In the 1980s, just at the time when Americans were developing sensitivity towards the history of indigenous peoples, they ditched the ‘Indians’ version at pretty much the same time that the British adopted it. We seem to have been just a bit behind with these things.
The book’s title, however, is not the only issue.
“That little Jew had been damned mysterious,” reflects one character early on. Then, a bit later: “That was the damnable part about Jews, you couldn’t deceive them about money – they knew!”
Now, to be fair, I’m fine with this. Christie isn’t writing as herself. This is not the unfiltered, unmediated voice of the author. She is showing her characters, warts ‘n’ all, in the way they think, judge and speak. If we were to excise all this sort of stuff there’d be great chunks of Ulysses missing. Hell, there’d be swathes of Jewish novelist Bernard Malamud gone. I mean, surely, if you put antisemitic language into the mouths (or thoughts) of disreputable, unpleasant characters, this simply reinforces how disreputable and unpleasant they are? Look at To Kill a Mockingbird, for example.
However, when I moved on to re-read Lord Edgeware Dies (1933), I faced a bit of a problem. As Christie surely intended, I’ve come to love Hercules Poirot. He’s intolerably conceited, of course, a terrible dandy and a bit of a fusspot about symmetry, but I’d argue that, by and large, we’re encouraged to admire the egg-headed Belgian as not only a brilliant detective but, in himself, wise, humane, honest, decent and good.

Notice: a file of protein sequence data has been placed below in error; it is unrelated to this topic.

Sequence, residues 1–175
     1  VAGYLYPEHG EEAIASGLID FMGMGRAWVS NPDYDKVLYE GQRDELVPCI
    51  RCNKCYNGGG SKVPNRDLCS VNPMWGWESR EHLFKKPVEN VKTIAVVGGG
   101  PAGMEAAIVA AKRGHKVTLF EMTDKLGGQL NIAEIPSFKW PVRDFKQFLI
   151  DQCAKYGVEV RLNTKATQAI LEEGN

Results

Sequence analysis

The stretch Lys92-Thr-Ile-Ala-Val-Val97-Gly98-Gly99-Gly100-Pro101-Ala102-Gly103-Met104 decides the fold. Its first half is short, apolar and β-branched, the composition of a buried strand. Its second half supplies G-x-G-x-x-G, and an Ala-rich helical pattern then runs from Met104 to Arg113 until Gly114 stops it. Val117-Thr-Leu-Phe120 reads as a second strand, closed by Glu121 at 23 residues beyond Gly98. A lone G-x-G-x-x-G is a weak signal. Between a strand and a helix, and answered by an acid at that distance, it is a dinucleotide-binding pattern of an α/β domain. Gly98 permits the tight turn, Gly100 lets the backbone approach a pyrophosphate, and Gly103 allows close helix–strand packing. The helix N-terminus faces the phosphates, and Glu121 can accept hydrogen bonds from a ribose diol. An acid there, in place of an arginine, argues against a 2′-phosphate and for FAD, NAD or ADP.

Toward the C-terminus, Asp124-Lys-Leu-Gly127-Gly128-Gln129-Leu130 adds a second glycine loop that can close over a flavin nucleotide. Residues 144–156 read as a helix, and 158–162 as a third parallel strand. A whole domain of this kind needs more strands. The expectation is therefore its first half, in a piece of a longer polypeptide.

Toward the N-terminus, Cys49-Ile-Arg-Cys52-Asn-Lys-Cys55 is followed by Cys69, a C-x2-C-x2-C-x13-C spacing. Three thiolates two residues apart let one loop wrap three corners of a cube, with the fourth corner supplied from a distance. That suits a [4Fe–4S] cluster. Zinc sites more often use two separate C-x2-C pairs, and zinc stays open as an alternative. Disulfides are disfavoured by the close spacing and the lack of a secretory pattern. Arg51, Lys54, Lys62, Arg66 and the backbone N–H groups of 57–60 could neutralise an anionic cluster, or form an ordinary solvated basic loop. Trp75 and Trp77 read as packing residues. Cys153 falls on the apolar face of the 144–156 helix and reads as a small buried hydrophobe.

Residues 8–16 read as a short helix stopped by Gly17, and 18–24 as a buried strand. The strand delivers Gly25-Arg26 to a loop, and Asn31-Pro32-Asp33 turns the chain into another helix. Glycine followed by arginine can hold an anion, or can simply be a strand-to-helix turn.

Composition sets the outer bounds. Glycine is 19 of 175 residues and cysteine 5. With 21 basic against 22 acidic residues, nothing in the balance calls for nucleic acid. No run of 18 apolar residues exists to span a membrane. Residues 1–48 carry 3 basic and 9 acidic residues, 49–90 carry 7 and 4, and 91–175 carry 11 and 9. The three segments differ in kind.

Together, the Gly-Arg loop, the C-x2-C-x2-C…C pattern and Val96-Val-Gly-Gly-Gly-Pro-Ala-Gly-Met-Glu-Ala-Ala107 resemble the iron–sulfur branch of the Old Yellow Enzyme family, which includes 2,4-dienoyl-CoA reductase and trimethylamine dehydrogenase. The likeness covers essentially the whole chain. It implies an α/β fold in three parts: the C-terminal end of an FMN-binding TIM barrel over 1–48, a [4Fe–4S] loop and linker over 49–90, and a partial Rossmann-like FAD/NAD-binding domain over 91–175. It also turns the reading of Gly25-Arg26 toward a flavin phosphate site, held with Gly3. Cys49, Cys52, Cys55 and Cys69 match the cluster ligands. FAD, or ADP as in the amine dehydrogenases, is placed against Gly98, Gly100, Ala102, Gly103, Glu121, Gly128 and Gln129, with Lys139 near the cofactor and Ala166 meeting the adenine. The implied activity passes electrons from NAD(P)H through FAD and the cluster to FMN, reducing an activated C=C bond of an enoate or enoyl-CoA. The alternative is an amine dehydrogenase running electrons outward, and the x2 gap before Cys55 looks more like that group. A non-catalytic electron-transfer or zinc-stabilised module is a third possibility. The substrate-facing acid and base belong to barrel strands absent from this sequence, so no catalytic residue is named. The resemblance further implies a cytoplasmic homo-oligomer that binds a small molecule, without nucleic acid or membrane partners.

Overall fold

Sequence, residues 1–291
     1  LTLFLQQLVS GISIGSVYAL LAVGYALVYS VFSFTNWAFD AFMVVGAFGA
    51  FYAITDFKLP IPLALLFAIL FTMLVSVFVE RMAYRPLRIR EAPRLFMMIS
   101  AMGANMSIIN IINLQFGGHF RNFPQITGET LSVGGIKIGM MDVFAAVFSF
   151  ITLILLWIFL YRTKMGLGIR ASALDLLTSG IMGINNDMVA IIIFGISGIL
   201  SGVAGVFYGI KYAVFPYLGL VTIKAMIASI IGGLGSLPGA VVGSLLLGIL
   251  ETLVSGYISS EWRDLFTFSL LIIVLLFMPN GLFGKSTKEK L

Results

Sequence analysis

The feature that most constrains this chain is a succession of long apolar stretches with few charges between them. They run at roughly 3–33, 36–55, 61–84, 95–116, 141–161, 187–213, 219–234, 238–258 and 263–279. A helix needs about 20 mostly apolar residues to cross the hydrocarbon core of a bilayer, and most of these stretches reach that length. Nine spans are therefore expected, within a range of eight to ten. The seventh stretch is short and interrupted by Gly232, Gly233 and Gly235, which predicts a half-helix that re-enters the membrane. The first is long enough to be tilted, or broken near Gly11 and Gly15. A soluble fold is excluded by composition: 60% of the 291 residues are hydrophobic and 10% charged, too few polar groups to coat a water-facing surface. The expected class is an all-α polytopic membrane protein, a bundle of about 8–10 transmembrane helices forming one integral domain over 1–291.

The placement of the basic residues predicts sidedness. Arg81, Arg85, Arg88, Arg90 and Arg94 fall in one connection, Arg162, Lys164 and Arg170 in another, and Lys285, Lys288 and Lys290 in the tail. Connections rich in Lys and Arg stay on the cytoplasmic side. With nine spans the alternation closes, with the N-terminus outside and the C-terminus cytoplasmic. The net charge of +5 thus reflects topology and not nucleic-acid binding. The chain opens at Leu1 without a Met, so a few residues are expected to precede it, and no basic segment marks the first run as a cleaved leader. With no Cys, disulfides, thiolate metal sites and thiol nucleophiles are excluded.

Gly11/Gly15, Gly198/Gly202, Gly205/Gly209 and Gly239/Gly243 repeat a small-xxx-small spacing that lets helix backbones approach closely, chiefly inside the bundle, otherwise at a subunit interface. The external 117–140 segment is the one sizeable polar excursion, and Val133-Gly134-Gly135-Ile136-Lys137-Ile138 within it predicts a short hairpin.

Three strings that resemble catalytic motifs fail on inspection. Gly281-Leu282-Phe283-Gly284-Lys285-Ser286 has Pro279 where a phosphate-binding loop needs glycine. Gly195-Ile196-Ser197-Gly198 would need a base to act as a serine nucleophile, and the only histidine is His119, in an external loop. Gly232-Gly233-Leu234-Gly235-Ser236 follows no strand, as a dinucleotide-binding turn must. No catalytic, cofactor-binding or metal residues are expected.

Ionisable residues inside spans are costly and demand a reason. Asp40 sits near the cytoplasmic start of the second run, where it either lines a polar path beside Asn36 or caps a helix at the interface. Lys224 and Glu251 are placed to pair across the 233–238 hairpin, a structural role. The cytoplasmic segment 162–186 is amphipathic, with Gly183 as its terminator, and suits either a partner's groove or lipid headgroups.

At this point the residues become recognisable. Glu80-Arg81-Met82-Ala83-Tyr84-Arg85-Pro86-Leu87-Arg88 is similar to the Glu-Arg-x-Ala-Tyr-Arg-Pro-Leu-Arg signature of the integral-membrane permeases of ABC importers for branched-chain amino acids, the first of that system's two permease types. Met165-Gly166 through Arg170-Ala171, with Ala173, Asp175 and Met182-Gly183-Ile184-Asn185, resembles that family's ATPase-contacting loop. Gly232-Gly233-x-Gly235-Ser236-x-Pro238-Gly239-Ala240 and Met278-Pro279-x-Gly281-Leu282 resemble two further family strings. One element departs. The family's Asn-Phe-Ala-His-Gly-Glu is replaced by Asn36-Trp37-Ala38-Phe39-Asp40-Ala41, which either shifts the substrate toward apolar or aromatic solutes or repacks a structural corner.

It came as something of a shock, therefore, to find Poirot voicing Shylock stereotypes as part of the deductive processes of his “little grey cells”. He seems to realise from visual evidence alone that a suspect is Jewish: “You observed without doubt that she is a Jewess?” This immediately provides him with motive: “Love of money might lead such a one from the prudent and cautious path,” he ruminates darkly.
Admittedly, it’s 1933 and antisemitism is hugely popular across much of Europe. Hitler has only just been made Chancellor – still some years off him being US Time magazine’s ‘Man of the Year’ – and there’s not even a whiff of a rumour of extermination camps. Still, you’d expect better from Poirot. You’d expect better from Christie.
The previous year in 1932, Christie had published Peril at End House, a lurid thriller set in Cornwall. In its pages we get such enlightened pronouncements as “He’s a Jew, of course, but a frightfully decent one.” Poirot, on the scene, remarks upon the oddity of the Jewish art dealer offering more for a picture than its actual worth. “The long-nosed Mr Lazarus offers too much for a picture,” he points out. “Most uncharacteristic of his race.”
Mid-20th Century literature: a censor’s delight
You read a load of Christie and you notice these things. They jar, these days, but only in the same way that antisemitic references in Graham Greene (Brighton Rock, for example) and Carson McCullers (The Ballad of the Sad Cafe) tend to jar.
If you’re going to rewrite Dahl and Christie, I sometimes think, then don’t you have to revisit much of 19th and 20th Century fiction? Get in there with the scalpels? Cut out the offensive, gangrenous bits? But no, it seems. Greene is safe, for now. McCullers is re-published intact. Flannery O’Connor and William Faulkner have not, yet, been referred to the sensitivity readers.